Description of PhD project
PhD student: MA Mette Houlberg Rung
Provisional title of research title: Museum Experiences: An investigation of adult’s experiences in the permanent collections at Statens Museum for Kunst (working title)
Duration of project: 1 October 2006 – 1 October 2009
Name of supervisors: Main supervisor: Dr Vivien Golding, Second supervisor: Dr Sandra Dudley Department of Museum Studies. University of Leicester, UK
Other: The project is based at Statens Museum for Kunst in the Department of exhibition and education, Statens Museum for Kunst under head of Education and Exhibition Elisabeth Cederstøm and Head of Research Peter Nørgaard Larsen. Moreover, the project is connected to The Danish Research School of Cultural Heritage and financed by the Danish Ministry of Culture and Statens Museum for Kunst.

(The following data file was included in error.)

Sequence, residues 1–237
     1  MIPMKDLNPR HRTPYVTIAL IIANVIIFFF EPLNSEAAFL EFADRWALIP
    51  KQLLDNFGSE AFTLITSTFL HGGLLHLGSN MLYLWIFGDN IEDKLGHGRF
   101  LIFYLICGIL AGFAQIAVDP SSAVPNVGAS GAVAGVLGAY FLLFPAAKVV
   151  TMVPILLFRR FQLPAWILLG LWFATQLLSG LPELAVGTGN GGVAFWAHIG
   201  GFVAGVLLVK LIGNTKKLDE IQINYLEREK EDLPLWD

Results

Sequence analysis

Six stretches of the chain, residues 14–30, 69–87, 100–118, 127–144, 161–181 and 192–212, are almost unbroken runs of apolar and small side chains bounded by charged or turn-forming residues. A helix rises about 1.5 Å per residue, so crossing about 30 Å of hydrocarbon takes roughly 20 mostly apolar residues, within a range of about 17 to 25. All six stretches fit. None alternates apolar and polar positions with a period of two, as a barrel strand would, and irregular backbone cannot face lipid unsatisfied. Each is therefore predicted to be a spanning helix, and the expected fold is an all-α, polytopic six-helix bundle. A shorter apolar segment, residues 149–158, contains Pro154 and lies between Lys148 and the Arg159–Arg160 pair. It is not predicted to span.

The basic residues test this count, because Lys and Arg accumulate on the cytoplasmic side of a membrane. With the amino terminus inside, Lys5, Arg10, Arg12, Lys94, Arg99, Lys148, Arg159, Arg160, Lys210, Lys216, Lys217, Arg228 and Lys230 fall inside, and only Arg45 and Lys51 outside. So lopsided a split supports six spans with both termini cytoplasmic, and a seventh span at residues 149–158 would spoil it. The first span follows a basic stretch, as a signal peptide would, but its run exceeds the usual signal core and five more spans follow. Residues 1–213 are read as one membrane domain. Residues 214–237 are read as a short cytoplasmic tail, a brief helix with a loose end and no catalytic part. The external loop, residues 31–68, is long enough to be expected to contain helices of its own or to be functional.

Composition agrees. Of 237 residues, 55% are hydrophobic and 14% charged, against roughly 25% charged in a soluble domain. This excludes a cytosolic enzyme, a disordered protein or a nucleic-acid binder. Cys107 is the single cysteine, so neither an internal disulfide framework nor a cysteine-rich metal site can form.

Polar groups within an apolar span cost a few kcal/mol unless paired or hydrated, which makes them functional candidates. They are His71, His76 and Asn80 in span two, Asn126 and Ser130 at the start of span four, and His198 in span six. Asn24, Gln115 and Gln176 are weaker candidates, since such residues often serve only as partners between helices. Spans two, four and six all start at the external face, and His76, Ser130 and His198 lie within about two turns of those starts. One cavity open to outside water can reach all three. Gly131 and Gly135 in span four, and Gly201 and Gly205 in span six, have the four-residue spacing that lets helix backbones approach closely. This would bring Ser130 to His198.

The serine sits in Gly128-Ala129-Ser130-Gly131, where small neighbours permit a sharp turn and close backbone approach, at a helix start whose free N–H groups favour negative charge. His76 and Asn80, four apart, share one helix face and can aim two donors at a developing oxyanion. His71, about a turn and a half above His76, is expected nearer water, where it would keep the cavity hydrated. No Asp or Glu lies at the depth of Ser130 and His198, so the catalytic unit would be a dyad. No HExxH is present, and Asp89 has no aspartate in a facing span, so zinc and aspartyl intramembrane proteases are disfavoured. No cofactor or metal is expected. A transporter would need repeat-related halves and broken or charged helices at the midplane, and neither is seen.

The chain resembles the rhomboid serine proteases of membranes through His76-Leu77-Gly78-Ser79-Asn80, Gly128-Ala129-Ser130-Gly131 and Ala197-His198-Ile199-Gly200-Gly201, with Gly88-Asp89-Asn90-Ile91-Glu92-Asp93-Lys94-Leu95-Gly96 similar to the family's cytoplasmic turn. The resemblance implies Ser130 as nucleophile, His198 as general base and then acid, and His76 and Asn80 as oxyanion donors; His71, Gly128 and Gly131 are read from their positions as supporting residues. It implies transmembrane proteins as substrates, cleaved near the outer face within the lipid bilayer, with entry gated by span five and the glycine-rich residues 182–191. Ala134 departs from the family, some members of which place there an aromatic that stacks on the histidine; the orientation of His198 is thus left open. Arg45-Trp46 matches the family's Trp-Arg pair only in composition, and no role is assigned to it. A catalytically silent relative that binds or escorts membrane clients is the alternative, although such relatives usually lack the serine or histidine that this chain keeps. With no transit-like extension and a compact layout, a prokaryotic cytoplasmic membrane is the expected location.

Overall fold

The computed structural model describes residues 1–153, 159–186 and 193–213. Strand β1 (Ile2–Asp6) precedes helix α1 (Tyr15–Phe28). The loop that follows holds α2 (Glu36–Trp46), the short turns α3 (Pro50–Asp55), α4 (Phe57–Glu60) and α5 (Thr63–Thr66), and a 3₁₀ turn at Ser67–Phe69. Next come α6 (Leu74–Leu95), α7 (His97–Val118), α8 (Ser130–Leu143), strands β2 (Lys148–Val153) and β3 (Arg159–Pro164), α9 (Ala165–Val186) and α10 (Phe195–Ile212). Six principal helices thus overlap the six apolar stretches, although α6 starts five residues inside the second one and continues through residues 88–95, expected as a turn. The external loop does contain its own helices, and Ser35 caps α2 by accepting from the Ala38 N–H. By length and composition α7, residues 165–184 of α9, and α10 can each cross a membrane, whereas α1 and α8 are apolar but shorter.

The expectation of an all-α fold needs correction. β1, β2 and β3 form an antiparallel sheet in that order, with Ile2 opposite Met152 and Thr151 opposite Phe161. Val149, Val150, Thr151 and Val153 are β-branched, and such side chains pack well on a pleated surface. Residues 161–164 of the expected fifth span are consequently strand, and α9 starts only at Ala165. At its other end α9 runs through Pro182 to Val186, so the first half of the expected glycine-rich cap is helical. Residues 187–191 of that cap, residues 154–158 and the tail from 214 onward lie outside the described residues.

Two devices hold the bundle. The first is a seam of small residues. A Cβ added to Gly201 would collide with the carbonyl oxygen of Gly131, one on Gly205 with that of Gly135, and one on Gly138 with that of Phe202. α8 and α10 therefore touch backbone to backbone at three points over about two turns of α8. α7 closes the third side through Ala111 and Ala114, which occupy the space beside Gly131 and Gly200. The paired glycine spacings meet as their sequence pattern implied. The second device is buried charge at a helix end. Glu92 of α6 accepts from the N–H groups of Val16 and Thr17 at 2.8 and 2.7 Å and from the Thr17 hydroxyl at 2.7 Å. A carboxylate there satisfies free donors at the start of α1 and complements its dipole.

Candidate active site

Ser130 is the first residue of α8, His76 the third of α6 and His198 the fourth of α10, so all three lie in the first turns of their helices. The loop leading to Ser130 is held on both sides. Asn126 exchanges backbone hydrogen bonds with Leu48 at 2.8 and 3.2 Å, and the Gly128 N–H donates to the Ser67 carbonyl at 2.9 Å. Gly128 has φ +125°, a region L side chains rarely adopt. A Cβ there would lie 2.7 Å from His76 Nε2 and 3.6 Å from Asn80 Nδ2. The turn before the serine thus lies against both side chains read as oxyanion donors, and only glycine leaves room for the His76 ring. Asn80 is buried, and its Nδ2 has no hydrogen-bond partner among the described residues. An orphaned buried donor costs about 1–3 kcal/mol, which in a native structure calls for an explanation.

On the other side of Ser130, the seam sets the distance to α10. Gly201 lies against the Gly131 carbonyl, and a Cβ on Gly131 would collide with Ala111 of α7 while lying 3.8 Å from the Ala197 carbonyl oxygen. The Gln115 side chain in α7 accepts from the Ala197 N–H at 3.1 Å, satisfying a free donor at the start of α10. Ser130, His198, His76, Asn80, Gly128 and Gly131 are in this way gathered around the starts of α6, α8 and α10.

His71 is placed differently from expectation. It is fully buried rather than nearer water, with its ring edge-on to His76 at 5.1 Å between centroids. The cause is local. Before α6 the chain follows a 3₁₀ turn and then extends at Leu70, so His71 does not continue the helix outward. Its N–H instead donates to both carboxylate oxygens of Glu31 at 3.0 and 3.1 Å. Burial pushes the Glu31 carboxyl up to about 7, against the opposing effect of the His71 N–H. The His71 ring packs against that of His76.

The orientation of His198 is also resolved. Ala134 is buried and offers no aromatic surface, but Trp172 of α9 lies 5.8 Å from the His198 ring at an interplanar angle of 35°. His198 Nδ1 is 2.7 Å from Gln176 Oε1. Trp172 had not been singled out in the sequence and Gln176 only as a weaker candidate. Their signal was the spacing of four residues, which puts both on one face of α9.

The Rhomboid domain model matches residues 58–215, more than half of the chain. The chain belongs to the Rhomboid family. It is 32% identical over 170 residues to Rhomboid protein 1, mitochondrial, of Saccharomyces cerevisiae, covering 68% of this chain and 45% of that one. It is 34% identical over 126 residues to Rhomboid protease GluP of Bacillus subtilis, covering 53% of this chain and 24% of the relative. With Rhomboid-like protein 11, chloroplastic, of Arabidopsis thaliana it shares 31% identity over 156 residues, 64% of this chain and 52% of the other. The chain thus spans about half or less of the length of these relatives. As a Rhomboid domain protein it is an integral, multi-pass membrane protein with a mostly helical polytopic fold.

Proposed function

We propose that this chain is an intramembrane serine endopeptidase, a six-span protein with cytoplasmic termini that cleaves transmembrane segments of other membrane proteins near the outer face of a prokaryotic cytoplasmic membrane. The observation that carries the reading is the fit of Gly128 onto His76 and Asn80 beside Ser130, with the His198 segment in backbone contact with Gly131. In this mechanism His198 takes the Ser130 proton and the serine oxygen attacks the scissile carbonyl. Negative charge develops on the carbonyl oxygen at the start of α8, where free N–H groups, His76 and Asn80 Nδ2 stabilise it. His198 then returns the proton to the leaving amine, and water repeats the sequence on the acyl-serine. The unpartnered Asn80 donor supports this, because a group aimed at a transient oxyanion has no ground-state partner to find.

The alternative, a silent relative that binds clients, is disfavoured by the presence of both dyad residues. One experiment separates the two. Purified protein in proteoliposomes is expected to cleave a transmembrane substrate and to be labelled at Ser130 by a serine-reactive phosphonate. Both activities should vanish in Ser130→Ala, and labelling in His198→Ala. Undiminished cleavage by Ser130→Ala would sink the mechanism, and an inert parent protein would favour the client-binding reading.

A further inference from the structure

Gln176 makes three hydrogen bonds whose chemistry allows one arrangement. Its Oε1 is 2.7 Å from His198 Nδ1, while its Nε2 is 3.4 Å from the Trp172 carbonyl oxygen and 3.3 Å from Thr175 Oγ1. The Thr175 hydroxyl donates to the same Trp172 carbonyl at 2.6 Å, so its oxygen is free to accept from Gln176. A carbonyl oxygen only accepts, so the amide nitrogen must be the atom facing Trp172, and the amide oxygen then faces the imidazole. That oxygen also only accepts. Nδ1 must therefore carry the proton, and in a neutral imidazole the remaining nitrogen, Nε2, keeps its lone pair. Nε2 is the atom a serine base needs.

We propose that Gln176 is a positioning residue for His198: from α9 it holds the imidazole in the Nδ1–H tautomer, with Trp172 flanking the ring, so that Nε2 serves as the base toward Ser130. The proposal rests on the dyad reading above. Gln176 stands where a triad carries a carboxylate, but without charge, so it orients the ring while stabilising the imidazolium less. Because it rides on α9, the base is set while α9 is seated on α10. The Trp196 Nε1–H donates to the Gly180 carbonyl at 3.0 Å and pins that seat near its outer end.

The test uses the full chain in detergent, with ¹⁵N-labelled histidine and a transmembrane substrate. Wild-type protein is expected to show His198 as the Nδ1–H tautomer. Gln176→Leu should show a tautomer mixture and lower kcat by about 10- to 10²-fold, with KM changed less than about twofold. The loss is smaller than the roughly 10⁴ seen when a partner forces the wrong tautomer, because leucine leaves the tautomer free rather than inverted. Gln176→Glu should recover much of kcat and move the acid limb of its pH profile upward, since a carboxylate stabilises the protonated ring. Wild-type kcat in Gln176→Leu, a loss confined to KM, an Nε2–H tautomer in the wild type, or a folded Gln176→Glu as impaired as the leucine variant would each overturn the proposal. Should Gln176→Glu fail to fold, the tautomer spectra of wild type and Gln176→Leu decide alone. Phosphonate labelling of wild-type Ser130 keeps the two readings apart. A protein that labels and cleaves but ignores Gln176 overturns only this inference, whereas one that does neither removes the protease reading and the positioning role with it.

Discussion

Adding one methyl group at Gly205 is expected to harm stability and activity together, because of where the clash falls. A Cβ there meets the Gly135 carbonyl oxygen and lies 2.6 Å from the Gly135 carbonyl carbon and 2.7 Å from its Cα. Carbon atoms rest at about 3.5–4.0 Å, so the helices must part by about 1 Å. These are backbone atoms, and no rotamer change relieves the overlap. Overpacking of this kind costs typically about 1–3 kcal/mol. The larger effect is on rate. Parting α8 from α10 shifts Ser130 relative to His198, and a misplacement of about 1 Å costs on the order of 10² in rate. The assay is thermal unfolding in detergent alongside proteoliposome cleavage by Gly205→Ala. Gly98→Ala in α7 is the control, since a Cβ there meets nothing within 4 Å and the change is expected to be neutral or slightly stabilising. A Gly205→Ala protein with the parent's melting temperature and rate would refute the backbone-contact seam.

Aims and research questions
Last year over 400.000 people visited Statens Museum for Kunst, the Danish National Gallery, in Copenhagen. Some came in groups or as a family, others arrived alone, but most of the adults had asked a good friend or partner to come along for some inspiring and social hours in the museum (Statens Museum for Kunst 2007). The mission of the museum is to ‘enrich and move people through art” But how is this done? And what actually happens when adult museum users move through the displays?